MONDAY, JAN. 16: New laws to crack down on corruption were today (Monday) announced by Premier Paula Cox.

Contractors who try to get inside information from Civil Servants on bids for business will have committed a criminal offence under new good governance laws.

Whistle blower protection will also be extended to cover contractors, vendors, part-time and temporary staff and anyone else who becomes aware of wrong-doing.

Ms Cox said bidders for contracts will be asked to sign a document by the new Office of Project Management and Procurement certifying they have not tampered with the tender amount as a result of agreements with anyone else.

They will also be asked to confirm that they have not had any information not given to any other bidders, that they have not tried to fix the price to gain advantage or offered direct or indirect bribes to anyone involved the tender process.

Ms Cox said: “If a bidder is found to be involved in such a scheme, there will be strong sanctions. In the future, once the bill has been passed, the bidder would also be guilty of an offence.”

She added that, in addition, the public could “see people that are blacklisted” as a result of improper behaviour in relation to bidding for contracts.

The new legislation is likely to go before Parliament in the next session.

Ms Cox added that a new evaluation process for would boost the chances of smaller businesses picking up Government contracts.

Ms Cox said that cost was 70 per cent of the weighting in the previous tendering process — which favoured larger companies.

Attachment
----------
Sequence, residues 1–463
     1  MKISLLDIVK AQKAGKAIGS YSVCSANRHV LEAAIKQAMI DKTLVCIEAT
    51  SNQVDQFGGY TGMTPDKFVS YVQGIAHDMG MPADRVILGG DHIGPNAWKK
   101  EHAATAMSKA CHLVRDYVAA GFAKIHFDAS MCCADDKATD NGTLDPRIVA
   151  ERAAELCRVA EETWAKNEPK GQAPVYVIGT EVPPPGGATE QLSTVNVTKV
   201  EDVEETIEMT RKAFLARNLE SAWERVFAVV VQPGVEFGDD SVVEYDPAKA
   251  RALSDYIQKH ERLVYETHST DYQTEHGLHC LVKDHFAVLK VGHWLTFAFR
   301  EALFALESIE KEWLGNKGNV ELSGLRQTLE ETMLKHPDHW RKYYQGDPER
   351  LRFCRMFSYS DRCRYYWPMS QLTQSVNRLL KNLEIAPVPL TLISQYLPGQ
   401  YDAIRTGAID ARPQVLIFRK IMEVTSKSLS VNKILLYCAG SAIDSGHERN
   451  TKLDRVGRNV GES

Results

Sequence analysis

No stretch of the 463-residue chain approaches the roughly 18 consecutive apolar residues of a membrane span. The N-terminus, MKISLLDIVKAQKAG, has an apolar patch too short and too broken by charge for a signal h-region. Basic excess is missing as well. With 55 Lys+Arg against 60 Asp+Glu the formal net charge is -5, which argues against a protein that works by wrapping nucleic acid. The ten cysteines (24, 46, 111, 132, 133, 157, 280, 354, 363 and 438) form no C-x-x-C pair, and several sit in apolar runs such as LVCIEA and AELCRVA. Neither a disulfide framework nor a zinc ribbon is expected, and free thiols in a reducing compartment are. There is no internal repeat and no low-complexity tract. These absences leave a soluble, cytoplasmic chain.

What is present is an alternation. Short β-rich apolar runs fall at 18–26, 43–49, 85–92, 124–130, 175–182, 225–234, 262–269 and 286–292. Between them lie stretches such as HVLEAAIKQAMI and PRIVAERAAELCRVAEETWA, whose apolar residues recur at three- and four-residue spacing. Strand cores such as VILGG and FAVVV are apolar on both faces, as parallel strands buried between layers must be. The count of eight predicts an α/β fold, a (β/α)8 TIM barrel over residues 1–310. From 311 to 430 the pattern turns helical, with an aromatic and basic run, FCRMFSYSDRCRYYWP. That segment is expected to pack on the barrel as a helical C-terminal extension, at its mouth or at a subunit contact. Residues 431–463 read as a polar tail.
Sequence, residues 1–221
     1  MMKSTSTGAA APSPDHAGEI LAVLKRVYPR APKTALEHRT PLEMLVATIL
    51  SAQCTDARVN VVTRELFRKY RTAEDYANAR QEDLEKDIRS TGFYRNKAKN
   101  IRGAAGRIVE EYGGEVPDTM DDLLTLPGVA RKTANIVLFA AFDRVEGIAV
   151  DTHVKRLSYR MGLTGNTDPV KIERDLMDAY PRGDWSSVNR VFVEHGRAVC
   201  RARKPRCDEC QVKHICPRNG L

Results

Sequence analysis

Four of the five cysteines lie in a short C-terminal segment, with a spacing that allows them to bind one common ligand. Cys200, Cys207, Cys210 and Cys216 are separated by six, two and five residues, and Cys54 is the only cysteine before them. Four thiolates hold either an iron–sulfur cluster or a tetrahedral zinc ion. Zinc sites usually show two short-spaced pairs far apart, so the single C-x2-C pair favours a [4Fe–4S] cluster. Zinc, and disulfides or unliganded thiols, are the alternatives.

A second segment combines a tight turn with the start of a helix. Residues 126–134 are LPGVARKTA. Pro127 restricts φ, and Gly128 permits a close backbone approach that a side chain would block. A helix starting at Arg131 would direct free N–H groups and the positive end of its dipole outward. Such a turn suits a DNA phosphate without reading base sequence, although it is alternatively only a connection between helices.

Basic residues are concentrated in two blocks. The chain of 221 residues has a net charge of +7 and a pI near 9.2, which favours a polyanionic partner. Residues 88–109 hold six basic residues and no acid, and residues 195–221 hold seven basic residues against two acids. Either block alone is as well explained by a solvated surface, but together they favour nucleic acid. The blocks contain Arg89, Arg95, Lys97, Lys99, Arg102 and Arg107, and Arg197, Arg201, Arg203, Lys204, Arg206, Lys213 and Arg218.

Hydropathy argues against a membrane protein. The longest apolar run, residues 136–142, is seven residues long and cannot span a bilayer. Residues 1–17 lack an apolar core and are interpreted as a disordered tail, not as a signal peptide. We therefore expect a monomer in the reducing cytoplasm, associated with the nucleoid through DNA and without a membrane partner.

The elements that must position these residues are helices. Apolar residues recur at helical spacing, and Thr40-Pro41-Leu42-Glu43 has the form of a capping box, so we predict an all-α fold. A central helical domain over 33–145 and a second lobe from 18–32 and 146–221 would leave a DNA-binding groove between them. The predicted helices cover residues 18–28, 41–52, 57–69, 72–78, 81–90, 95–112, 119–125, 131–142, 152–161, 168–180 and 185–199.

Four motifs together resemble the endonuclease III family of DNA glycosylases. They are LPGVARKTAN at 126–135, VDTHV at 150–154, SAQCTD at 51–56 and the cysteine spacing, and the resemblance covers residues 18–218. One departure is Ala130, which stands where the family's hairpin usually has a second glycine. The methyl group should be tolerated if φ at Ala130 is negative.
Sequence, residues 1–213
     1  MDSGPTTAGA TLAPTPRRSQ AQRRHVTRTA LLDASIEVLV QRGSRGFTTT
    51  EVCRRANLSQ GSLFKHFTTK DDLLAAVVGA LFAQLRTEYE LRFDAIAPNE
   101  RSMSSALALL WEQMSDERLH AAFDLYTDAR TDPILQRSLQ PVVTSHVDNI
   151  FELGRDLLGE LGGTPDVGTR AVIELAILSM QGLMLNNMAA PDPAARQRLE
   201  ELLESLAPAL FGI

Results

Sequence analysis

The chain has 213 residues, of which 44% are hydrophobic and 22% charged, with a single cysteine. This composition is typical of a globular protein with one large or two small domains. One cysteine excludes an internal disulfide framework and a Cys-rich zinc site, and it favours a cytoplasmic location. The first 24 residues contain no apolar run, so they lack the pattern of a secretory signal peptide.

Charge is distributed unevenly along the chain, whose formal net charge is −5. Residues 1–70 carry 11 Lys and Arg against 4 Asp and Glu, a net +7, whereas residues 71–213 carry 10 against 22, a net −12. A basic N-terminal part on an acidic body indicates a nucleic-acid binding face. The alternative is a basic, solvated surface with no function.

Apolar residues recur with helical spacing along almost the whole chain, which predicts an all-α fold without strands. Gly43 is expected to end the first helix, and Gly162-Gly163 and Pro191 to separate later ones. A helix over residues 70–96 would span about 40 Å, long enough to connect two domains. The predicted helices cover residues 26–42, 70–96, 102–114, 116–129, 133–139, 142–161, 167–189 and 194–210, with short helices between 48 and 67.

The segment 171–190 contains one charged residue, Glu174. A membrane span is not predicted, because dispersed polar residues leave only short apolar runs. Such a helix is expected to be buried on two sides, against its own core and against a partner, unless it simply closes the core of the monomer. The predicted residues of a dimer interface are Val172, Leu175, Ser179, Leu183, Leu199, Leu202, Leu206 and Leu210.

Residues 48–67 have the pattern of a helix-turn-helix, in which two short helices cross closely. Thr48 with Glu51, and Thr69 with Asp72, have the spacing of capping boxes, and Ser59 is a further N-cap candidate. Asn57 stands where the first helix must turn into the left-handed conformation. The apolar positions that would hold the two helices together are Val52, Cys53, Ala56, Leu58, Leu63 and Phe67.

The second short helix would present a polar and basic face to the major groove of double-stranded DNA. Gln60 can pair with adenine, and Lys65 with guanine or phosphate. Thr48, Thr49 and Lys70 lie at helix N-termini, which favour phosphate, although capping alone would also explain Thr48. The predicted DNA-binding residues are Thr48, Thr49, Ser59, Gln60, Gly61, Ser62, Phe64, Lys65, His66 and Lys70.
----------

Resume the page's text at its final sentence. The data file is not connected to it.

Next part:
But she added that the new process means that 50 per cent of the weighting process would cover the bidder’s qualifications and experience and the resources to deliver on time, as well as having good references and a track record in health and safety.

A total of 30 per cent of the weighting will go towards the tender price, a firm’s financial position and whether they are in arrears for government taxes like social insurance.

A total of 20 per cent of the weighting will be allocated to consideration of the number of Bermudian staff employed and commitment to training and development of local people.

She added that any firm who had never put in bids for Government work before would not be penalised, but assessed on references, while new companies would get an average point scoring to allow them to build up a record.

Ms Cox said: “The initiative to provide opportunities to small contractors has provided welcome relief to small Bermudian business.”